An Agent of the Payee is a person, entity, or other intermediary specifically appointed by a payee to process and collect payments on their behalf.
What is an Agent of the Payee Exemption?
In most states, an agent of the payee is able to operate due to special exemptions to money transmission laws. This is a fairly complex topic, so let’s look a few definitions to help clarify:
- Money Transmission: Money transmission is generally defined as the act of receiving currency (or other value that substitutes for currency) from one party for the purpose of sending it to another party. Examples of currency substitutes could include money orders, stored value cards, and cryptocurrency.
- Money Transmission Laws: Federal and state laws and regulations that govern the act of money transmission.
- Money Transmitters: A type of ‘money services businesses’ as defined by the Financial Crimes Enforcement Network (FinCEN). In many cases, money transmitters are required to register with FinCEN and obtain money transmission licenses.
- Agent: A representative on behalf of another person, company, or entity in third party dealings. The agent is responsible for collecting and processing payments for whomever they represent.
- Payee: The person providing the goods and services, this person is owed payment by the payor. The payee does not provide any money transmission services.
- Payor: The recipient of the goods and services, this person owes payment to the payee for those goods and services.
Agents of the payee can act as money transmitters—moving money on behalf of a provider of goods and services—without having to actually register as money transmitters due to an exemption in FinCEN’s money transmission laws. This exemption, however, is also subject to state regulations and the exemption does not apply in every state. Currently, 22 states allow for money transmission by an agent of the payee under the exemption and 3 states offer the exemption on a case-by-case basis.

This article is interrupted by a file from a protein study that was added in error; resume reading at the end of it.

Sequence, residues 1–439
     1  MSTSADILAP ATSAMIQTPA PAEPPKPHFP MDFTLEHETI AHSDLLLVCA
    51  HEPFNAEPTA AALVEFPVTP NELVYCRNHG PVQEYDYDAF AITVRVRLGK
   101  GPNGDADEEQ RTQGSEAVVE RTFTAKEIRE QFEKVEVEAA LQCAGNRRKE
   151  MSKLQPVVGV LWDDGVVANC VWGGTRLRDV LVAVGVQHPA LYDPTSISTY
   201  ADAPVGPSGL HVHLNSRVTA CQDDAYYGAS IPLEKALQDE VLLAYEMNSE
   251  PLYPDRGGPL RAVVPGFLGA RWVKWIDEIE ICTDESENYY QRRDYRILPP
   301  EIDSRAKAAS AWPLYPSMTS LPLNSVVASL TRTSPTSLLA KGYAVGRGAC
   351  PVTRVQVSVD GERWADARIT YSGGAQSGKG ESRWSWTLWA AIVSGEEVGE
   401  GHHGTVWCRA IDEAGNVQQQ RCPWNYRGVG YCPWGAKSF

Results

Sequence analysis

Though it can apply to an individual, the agent of the payee exemption most often applies to companies that handle payments on behalf of a provider of goods and services. Marketplaces like Uber and Airbnb are relevant examples of such businesses.
For example, Airbnb collects payments from guests solely for the purpose of sending them to hosts via regulated payment networks like ACH—thus they are transmitting money on behalf of their hosts and renters. Because of the nature of this type of money transmission—facilitating payments solely for the delivery of goods and services sold on their platforms—it falls into the category of “incidental transmission” and will often be eligible for the agent of the payee exemption (i.e. not requiring those businesses to file for money transmitters license).
These are the broader payment concepts that underpin payment operations.
- 1Payment Operations
- 2Banking API
- 3Flow of Funds
- 4Bank Reconciliation
- 5Continuous Accounting
- 6What is Money Transmission?
- 7What is Cash Management?
- 8What is Treasury Management?
- 9What are Incoming Payment Details?
- 10Payment Processor vs. Payments Gateway
- 11What is Cash Forecasting?
- 12What is Cash Pooling?
- 13What is Liquidity Management?
- 14What is an Agent of the Payee Exemption?
- 15What is Real-Time Gross Settlement (RTGS)?
- 16What is Batch Processing?
- 17What are Payment Controls?
- 18What is Idempotency?
- 19Settlement (Net vs. Gross)
- 20What is Asset Risk Management?
- 21What is A2A Banking?
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